That is how an introduction to a transcript from a radio program begins on the Australian network, ABC. On the program The Science Show, they explored the conclusions reached by David Dunning and Justin Kruger when they studied people’s perceptions of their own talents. Now known as the Dunning-Kruger effect, it helps explain why moderately skilled people act as experts, and inept politicians get our votes.
We’ll touch on how this relates to wildland fire in a moment, but first here are some excerpts from the radio show transcript.
…And here’s the kicker; across every test, the students at the bottom end of the bell curve held inflated opinions of their own talents, hugely inflated. In one test of logical reasoning, the lowest quartile of students estimated that their skills would put them above more than 60% of their peers when in fact they had beaten out just 12%. To put that misjudgement in perspective, it’s like guessing that this piece of music [music for 5 seconds] lasted nearly half a minute.
Even more surprisingly, the Dunning-Kruger effect leads high achievers to doubt themselves, because on the other end of the bell curve the talented students consistently underestimated their performance. Again to the test of logic; those topping the class felt that they were only just beating out three-quarters of their classmates, whereas in reality they had out-performed almost 90% of them.
The verdict was in; idiots get confident while the smart get modest, an idea that was around long before Dunning and Kruger’s day. Bertrand Russell once said, ‘In the modern world the stupid are cocksure while the intelligent are full of doubt.’ From his essay ‘The Triumph of Stupidity’, published in 1933.
Charles Darwin once said, ‘Ignorance more frequently begets confidence than knowledge,’ and Dunning and Kruger seem to have proven this point. In light of this, it suddenly becomes clear why public debate can be so excruciating. Debates on climate change, the age of the Earth or intelligent design are perfect real-life examples of the Dunning-Kruger effect. It beautifully explains the utter confidence of those who, with no expertise, remain stubborn in their views regardless of overwhelming evidence. It makes you want to shake them by the collar and scream about how stupid they are. But evidence shows that’s not the best strategy.
Have you ever been on a fire and met a Squad Boss, Crew Boss, or Division Supervisor who you knew was not the sharpest tool in the cache, but who was supremely confident in their abilities? They might be the person who just can’t understand why their supervisors have not recognized their huge potential and wonder why they have not been promoted every year.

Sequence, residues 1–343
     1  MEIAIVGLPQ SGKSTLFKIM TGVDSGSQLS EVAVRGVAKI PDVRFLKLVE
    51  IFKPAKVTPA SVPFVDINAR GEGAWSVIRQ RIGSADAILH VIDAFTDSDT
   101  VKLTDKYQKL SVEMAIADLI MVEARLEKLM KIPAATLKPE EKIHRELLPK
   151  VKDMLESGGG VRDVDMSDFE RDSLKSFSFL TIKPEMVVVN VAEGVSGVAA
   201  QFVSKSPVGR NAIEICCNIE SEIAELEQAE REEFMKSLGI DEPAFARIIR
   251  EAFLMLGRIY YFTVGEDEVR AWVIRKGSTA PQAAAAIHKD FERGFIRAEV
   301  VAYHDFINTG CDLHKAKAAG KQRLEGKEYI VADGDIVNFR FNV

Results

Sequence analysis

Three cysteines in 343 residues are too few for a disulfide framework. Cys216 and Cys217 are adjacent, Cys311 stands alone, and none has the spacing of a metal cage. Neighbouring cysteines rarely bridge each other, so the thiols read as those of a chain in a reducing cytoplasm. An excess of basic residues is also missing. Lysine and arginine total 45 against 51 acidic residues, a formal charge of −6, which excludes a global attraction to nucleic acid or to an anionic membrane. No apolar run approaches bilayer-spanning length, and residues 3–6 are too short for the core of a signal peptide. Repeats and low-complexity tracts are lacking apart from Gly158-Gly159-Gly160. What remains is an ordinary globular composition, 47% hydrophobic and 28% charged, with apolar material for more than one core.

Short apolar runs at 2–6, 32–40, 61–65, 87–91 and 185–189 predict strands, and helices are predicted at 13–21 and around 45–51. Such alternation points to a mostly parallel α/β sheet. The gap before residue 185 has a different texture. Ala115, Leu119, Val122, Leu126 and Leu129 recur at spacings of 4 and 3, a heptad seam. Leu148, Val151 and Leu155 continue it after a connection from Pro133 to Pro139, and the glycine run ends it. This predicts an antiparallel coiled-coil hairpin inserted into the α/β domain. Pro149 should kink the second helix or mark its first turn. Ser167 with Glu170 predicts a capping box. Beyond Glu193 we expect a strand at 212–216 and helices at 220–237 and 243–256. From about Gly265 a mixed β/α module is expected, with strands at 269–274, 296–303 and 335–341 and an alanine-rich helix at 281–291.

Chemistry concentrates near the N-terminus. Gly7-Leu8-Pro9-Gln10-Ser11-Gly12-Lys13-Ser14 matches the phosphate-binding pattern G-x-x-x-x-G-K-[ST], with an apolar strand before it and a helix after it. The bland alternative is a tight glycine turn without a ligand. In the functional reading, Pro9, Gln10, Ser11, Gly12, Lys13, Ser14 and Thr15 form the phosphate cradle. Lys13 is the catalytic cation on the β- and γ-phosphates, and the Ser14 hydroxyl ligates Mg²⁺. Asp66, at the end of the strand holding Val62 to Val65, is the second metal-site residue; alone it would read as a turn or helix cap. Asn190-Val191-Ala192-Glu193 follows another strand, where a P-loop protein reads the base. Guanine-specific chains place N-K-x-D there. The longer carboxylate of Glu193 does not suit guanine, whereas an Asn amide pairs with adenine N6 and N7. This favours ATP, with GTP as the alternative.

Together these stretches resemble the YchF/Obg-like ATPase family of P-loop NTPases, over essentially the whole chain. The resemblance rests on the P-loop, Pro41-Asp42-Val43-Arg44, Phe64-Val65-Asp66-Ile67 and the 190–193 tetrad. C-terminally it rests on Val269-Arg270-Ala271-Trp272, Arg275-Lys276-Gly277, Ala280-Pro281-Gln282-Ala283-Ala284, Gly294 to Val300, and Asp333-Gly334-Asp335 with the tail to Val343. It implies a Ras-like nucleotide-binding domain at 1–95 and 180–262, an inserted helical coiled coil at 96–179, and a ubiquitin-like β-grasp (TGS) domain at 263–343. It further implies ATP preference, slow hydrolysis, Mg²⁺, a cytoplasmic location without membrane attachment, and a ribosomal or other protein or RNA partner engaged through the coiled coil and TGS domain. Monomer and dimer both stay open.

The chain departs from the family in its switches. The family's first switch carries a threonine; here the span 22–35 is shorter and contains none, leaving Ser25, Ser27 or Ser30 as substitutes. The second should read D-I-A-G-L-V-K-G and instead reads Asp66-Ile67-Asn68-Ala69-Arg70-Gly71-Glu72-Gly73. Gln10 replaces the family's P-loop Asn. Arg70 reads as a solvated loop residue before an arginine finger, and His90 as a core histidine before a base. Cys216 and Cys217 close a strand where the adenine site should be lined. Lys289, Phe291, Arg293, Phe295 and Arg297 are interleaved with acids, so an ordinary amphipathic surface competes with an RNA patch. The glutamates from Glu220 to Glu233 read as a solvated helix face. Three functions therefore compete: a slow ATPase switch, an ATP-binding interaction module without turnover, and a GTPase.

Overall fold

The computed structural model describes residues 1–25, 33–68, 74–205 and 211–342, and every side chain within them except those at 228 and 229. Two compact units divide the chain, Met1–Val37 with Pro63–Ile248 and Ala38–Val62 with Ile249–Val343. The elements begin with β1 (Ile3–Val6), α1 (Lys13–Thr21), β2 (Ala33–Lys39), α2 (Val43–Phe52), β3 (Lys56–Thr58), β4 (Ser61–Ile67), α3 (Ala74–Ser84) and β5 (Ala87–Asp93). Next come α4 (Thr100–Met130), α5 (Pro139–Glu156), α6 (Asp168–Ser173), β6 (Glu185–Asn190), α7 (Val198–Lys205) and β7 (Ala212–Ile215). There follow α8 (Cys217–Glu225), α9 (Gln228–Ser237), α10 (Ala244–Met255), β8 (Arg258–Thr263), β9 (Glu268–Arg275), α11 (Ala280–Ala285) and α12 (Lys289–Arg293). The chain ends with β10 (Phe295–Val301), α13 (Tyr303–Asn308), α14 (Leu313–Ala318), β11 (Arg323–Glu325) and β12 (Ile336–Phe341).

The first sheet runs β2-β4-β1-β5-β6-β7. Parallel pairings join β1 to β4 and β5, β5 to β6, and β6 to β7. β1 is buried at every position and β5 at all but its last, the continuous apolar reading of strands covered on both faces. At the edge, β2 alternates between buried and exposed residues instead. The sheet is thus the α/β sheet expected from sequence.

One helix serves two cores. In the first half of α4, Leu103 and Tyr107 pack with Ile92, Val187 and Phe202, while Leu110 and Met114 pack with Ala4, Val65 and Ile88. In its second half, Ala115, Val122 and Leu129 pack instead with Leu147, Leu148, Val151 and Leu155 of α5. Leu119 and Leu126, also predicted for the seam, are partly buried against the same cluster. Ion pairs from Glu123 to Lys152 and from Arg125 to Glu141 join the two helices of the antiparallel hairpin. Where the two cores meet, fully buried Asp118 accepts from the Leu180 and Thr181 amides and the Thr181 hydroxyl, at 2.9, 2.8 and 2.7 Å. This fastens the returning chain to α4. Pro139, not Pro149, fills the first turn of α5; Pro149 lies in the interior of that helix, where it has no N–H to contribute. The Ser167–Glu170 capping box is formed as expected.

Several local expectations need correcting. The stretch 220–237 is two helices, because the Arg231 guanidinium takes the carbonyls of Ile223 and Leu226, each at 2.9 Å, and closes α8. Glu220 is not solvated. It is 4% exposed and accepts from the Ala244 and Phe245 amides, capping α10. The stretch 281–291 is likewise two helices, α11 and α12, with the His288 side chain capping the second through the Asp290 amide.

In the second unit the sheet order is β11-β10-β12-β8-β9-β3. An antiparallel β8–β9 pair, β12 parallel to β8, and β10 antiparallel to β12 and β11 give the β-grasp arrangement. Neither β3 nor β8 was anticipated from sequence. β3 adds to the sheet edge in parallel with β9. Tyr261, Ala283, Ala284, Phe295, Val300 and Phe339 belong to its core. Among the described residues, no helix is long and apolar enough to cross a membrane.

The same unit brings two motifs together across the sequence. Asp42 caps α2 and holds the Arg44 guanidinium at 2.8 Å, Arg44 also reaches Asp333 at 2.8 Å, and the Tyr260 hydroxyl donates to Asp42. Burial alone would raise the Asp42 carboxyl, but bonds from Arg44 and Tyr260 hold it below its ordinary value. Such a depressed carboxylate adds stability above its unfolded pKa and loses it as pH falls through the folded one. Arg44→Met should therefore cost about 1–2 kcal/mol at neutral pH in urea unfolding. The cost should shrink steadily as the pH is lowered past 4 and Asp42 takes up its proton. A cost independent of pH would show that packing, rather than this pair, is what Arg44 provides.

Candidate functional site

In some cases, this person may be ineffective but benign. Their screw-ups may be inconvenient or costly but not life-threatening. But if someone on a fire, with power and authority, over-estimates their skill and ability, the consequences can be disastrous.
Some people don’t know what they don’t know. They have no idea or self-awareness about the holes in their knowledge and experience. You may know of a politician or two that can be described this way coughsarahpalincough.
I can think of several fatality and near-miss incidents on wildfires where this was, in my humble opinion, the primary cause of the accident. But it is not politically correct for the writers of the accident reports to spell it out so clearly. One report that came close is the one about last August’s escaped prescribed fire in Yosemite National Park where the the writers used the term “hubris”.
How do we avoid the trap of over-confident people making poor decisions on fires?
- The first step is to be sure that firefighters can proficiently perform the jobs that appear on their red cards.
- Next, be sure that everyone receives an honest performance rating on every fire, at least a verbal one, and preferably a written one for significant fires or assignments.
- Conduct After Action Reviews at the end of shifts or fires.
- And, if you are given an assignment that does not make sense, or causes the hair on the back of your neck to stand up, say something.
- If an individual does this to you repeatedly, have a chat with their supervisor or the Safety Officer. Filing a SAFENET form that does not list names may not be effective.